India has developed relationships with the world powers like the European Union, Japan, Russia, and the United States. It also developed relationships with the African Union (particularly South Africa), the Arab World, Southeast Asia, Israel and South American nations (particularly Brazil). In order to make the environment favourable for economic growth, India is investing on its relations with China. It has significantly boosted its image among Western nations and signed a civilian nuclear deal with the United States in March 2006. It is also working for better relationships with Pakistan.

 

Factors against the rise of India as a Superpower
While above factor forces India to be the next Superpower. There are some factors which hinders the growth of India as a country.

  • Political obstacles
    • Lack of international representation: India is not a permanent member of the UNSC, although currently it is one of the four-nations group actively seeking a permanent seat in the council. Thus, India lacks the ability to extend its influence or ideas on international events in the way superpowers do.
    • Cost of democratic republic: Democratic republicanism has its value, more so in a multi-ethnic country like India. The Indian government has to consider many interest groups before decision making.
    • Insurgency: India has had significant successes with quelling many insurgencies. However the Indian government has acknowledged that there has been a dramatic increase in support for the Maoists (Naxalite) insurgency in the last decade. Kashmir too remains on boil. 
    • Disputes: India's growth is impeded by disputes with its neighboring China and Pakistan (over historical border and ideological issues) and disputes with Bangladesh (over water availability and the Farakka Dam).
  • Economic obstacles
    • Unemployment & Jobless Growth: India's growth in the services sector and Information Technology sector has not been matched by growth in manufacturing which can provide more jobs. Unless India finds a quick way to generate jobs, its population of unemployed youths could be a reason for instability.
    • Poverty: As of 2011, approximately 21.9% of India's population lived below poverty line. Various reforms, including mass employment schemes have been undertaken by the government to tackle this problem, and India has been quite successful in reducing its share of poverty. However, the issue of poverty in India is far from resolved.
    • Infrastructure: Basic infrastructure in India such as roads, power grid, water, communications infrastructure, housing and education are often below standards, and not catching up with the tune of its economic progress. Continued poor infrastructure might serve as a bottleneck to further economic development.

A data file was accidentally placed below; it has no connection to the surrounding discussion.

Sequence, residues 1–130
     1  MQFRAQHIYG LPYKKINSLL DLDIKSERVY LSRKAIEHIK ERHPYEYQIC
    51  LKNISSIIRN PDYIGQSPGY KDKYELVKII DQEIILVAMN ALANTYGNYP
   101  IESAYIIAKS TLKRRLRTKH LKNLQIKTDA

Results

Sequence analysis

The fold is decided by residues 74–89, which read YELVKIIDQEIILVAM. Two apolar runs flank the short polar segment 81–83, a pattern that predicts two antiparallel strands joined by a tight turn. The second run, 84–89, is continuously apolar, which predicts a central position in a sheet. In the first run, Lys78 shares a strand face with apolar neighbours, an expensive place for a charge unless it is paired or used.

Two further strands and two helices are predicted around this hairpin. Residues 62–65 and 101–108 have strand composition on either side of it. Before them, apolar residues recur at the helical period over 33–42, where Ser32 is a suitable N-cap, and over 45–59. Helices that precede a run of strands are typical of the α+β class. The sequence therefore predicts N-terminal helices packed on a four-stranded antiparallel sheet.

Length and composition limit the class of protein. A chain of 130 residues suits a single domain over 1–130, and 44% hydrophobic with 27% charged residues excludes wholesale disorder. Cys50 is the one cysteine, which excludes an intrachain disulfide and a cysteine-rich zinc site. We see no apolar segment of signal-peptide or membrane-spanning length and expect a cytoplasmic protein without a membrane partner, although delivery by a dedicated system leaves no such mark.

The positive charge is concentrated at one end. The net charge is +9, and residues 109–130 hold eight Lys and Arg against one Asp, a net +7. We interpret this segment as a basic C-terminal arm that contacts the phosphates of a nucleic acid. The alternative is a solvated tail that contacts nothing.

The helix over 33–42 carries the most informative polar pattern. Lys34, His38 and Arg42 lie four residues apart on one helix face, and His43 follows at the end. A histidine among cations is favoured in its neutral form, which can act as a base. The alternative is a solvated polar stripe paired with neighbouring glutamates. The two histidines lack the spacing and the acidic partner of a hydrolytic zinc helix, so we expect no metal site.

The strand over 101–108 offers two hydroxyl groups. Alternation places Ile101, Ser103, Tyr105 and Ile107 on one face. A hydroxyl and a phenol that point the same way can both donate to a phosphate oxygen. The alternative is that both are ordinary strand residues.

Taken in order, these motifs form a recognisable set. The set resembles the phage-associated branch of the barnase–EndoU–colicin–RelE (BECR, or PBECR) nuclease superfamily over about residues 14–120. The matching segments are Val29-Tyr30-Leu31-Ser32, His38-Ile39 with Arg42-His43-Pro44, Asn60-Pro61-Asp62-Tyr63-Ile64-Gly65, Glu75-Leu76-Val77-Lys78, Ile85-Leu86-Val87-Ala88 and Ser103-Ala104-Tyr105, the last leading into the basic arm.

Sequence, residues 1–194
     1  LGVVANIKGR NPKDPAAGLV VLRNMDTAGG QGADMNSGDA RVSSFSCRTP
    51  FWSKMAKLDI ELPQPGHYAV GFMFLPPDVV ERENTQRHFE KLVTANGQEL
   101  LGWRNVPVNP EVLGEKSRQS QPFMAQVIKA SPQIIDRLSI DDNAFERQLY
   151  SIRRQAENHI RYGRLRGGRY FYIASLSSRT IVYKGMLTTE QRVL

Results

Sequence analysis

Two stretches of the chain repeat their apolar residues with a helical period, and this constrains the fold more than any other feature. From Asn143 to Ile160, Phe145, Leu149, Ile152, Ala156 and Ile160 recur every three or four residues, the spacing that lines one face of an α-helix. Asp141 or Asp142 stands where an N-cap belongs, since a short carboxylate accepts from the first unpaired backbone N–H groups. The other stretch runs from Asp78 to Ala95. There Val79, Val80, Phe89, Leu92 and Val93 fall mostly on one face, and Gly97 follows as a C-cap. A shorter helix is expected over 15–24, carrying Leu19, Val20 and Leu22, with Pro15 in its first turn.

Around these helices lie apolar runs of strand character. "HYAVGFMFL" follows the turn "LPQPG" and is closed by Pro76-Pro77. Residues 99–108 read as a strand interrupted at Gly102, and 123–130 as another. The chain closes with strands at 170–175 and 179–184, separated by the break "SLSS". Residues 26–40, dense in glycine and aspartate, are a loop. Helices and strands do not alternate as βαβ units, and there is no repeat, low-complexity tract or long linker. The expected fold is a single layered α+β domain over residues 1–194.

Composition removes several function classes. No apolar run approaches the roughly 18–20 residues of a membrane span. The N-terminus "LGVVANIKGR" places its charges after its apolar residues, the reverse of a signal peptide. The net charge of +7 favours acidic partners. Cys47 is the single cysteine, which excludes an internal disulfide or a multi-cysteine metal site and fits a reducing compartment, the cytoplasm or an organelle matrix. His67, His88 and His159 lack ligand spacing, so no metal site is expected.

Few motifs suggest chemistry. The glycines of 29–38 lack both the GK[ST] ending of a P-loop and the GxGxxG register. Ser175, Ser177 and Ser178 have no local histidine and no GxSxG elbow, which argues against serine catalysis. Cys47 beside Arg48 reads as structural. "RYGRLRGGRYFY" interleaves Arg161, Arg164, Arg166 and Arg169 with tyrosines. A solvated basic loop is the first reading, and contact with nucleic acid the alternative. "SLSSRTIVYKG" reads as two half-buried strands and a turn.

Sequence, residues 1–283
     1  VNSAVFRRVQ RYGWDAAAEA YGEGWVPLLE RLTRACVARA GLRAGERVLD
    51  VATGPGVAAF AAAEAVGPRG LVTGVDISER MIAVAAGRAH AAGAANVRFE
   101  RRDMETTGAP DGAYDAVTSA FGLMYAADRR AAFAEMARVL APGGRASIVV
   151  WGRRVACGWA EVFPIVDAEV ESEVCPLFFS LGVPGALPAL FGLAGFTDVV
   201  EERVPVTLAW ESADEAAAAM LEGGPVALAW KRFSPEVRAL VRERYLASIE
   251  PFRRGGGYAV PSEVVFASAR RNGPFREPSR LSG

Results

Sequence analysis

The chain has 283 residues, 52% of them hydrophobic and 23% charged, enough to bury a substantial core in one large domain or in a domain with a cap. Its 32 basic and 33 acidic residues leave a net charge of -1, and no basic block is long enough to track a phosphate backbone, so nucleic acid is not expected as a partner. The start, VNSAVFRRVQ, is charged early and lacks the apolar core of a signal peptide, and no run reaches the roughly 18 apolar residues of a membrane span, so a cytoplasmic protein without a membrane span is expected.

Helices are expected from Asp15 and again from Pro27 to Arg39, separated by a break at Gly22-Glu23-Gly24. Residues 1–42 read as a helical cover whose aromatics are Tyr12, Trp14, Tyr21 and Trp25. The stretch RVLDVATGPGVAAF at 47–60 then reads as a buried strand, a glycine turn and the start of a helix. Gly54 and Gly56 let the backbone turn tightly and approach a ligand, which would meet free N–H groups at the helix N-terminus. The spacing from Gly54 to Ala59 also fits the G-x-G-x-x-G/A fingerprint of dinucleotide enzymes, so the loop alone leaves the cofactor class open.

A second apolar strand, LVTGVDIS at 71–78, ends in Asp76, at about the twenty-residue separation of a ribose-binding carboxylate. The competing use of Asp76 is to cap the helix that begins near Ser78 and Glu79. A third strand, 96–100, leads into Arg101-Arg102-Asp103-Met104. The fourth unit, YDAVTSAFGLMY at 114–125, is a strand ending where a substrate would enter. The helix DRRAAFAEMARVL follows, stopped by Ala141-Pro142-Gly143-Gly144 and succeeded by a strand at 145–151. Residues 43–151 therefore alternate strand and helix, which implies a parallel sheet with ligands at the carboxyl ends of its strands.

• Energy dependence and costs: India heavily depends on foreign oil - a phenomenon likely to continue until non-fossil/renewable energy technology becomes economically viable in the country. As for now, India is energetically expensive since India has to import over 70% of its energy, thus making costs of comforts - like personal car or even air conditioning - extremely high.
  • Social issues
    • Low literacy: As per the 2011 India census, India's national literacy is only 74.04% (2011). Literacy in India is not homogeneous; some states in India have more impressive literacy rates than others.
    • Health: India's health scenario is dismal with diseases and malnutrition constantly affecting the poorest quarter of the populace. Mortality is still relatively high and the bane of AIDS is spreading quickly. According to a report of United Nations Development Programme, India has the highest population living with AIDS/HIV and its economy might suffer a setback if it does not check the problem of the virus' spread. It is estimated that India's economic growth will decline by 0.86 percentage annually if the AIDS problem is not properly dealt with.
    • Communal violence: India has a diverse mix of various religions and races. The majority are Hindus by religion, followed by Muslims, Sikhs, Christians, Jains, Buddhists, Bahaii and many more. Though most religions in India have been practising religious tolerance in their histories, the partition and subsequent terrorism had created some degree of uneasiness among some.
    • Social divide: The problem of India's social divide is often linked to its centuries-old caste system. In an attempt to eliminate the caste system, the Indian government has introduced special quotas for low-caste Indians in educational institutions and jobs. The measure is with the motive of helping lower-caste Indians to pursue higher education and thereby elevate their standard of life. However, the system is often criticised about its effectiveness as so called creamy layer (rich among the lower caste) get non-needed advantage & leave other lower caste groups poor only.